Anger is an emotion that I am very familiar with. Anger is defined as “a strong feeling of annoyance, displeasure, or hostility.” It is usually an emotion used as a defense mechanism to prevent anymore harm or wrongful action towards you. This can be whether or not there is an actual threat to you, as the emotion serves as a preventative measure. It can be a very powerful emotion, capable of changing your whole mindset temporarily. It can provoke the “fight, flight, or freeze” response depending on the situation. It can be an overwhelming emotion as well, as it can rob you of logical thought and interpretation. Anger is a normal, almost everyday emotion, but compounded with other issues/concerns, it become quite the detriment to your life. For a time, Anger was a driving force behind a lot of the things I regret in my own life.
My anger was crazy. I did all the usual things one does when anger gets out of control. Throwing objects, punching walls, screaming at the top of my lungs, you name it. Anger, at least at the climax, felt good to me in the moment. I was able to get out all the pent up energy through my very less than optimal means. Unfortunately, my very negative and toxic methods of releasing my anger got me labeled as crazy, psycho, lunatic, etc and that doesn’t feel good for anyone. I would say and do things I did not mean to do in the heat of the moment. I was fully conscious, but my understanding of the situation could not be swayed so I went off. Afterwards, I would feel extremely remorseful and physically weak. At what cost did I get out my anger? I always asked myself, “Why am I like this?” I was too proud to go to therapy or talk about my issues, so they built up and then I would explode. The anger would get worse, and this may sound interesting, but it would also get more and more complex. It was like my mind would find new ways to misinterpret situations, thus trapping me in angry cycles. It took me some time (and therapy) to figure out the root of my anger, and my right to have the emotion. I just did not have the right to display my anger the way I did.
I say that anger is a misunderstood emotion. Some see anger as meaningless, as it can imply a sense of emotional discord and volatility. Nevertheless, it is a very basic emotion that EVERYONE feels at one point or another. It usually manifests as a cover up for other emotions the person is feeling. Thus, I feel like it needs to be expressed. It needs to be allowed to manifest in order for you to return to a sense of clarity that you can live with. I feel anger gets a bad name due to the more “popular” expressions of it that we see (the punching walls, throwing objects, physical assault, etc) and thus it is a shunned emotion. Therein lies the problem, we need to learn more positive methods of anger expression. The anger will exist and trying to will it away just breeds even more anger down the line. You do feel a sense of relief when it is expressed and everyone can benefit from the clarity of a positive show of it.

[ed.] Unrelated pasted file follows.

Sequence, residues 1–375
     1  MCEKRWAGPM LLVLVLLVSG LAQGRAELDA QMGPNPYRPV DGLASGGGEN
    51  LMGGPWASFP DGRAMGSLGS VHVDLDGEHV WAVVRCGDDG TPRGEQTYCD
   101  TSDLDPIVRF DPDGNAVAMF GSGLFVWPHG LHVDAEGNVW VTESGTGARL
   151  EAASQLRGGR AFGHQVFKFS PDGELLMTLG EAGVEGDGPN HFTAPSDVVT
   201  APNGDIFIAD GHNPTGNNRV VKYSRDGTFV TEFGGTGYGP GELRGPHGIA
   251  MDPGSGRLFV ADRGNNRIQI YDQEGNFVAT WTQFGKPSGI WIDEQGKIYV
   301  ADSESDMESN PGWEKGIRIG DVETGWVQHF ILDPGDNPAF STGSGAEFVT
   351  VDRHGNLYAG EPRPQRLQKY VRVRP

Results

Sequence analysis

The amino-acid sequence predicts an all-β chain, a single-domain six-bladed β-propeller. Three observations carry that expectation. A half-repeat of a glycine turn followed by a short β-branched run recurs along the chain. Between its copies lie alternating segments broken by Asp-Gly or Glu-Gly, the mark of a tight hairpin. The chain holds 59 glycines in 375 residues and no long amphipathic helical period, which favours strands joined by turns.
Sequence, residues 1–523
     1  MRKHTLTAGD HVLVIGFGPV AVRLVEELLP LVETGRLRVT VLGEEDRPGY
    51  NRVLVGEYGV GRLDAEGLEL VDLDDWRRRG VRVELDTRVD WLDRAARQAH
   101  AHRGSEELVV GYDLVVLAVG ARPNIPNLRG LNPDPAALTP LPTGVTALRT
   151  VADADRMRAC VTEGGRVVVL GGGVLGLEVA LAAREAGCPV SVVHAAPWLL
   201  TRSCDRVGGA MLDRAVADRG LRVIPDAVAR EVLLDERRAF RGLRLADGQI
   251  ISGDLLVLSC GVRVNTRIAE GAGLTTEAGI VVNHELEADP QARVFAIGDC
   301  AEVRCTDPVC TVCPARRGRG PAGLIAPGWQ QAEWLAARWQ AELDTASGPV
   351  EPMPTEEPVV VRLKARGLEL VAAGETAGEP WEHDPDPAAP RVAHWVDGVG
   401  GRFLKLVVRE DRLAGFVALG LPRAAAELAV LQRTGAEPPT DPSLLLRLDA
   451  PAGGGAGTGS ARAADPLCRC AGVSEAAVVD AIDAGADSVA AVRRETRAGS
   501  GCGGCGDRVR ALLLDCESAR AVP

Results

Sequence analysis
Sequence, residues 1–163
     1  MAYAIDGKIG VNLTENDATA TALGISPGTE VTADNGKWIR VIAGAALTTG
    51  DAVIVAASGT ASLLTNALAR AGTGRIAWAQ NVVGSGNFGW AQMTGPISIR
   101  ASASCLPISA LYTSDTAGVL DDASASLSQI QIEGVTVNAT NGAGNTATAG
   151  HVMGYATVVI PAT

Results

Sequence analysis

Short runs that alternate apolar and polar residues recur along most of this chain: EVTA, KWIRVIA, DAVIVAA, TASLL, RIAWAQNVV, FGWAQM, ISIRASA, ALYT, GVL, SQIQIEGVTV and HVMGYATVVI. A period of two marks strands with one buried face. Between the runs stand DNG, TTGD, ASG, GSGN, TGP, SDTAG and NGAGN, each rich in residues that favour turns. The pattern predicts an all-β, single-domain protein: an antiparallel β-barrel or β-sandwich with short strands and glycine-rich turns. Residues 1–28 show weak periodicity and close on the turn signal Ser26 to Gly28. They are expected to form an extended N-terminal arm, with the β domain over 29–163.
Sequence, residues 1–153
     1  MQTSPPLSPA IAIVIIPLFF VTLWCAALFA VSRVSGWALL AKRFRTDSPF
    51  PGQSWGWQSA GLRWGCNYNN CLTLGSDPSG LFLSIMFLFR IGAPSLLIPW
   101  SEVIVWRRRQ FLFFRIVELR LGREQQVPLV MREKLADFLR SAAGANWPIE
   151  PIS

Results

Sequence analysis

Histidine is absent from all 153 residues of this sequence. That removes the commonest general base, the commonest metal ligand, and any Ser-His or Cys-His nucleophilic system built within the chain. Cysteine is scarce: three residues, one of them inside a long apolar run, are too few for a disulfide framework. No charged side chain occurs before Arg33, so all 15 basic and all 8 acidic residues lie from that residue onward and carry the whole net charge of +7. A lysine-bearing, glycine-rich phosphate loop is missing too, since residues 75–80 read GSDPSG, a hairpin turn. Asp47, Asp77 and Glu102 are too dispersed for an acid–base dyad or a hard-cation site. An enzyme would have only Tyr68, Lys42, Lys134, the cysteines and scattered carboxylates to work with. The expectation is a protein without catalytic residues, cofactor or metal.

As I have said before, anger needs to be expressed. It can usually breed from a misunderstanding or misconstrued slight, so direct communication can stop it in it’s tracks. I feel if people are more direct with how they feel (without being directly disrespectful), then the more physical aspects of anger can be prevented. People need to be able to communicate differing opinions and values without resorting to emotional outrage and out of control behavior. Anger also breeds from mental health imbalance as well. Depression, anxiety, sadness, all of these emotions can use anger as a scapegoat for protection. Therapy, meditation, even venting to a trusted confidant can help relieve some of the “over emotion” that might be building up inside of us. Someone somewhere will want to listen to you and that can help to pre-empt a negative angry expression. Through therapy specifically, you can learn the ever powerful technique of mindfulness that keeps you grounded even through angry expression so that your feelings can be broadcasted without any negative annotation. Exercise can also really help use up energy that might have went towards a negative angry expression. You can channel all of that energy to becoming a better you, mentally and physically!
Anger is not the enemy. It is not a solely negative emotion and I feel it is very necessary for us to be able to express it when we feel it. We all have our different triggers in terms of what we perceive as insulting or an attack on us. We have a right to establish boundaries and express ourselves to assert our respect. We just absolutely need to be mindful of our methods of expression. It can be tempting to “go off” when we feel provoked, but that leads to labeling and ostracization. Thus with learning more refined methods of expression, whether through self reflection, therapy, exercise, etc, we can all get our points across and properly set boundaries respectfully and purposefully.